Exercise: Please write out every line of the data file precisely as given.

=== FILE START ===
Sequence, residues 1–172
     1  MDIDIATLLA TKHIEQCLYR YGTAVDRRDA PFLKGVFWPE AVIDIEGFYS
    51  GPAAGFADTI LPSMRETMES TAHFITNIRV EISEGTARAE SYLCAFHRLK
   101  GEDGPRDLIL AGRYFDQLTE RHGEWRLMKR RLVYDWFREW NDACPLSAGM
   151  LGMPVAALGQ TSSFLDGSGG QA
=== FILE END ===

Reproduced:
Sequence, residues 1–172
     1  MDIDIATLLA TKHIEQCLYR YGTAVDRRDA PFLKGVFWPE AVIDIEGFYS
    51  GPAAGFADTI LPSMRETMES TAHFITNIRV EISEGTARAE SYLCAFHRLK
   101  GEDGPRDLIL AGRYFDQLTE RHGEWRLMKR RLVYDWFREW NDACPLSAGM
   151  LGMPVAALGQ TSSFLDGSGG QA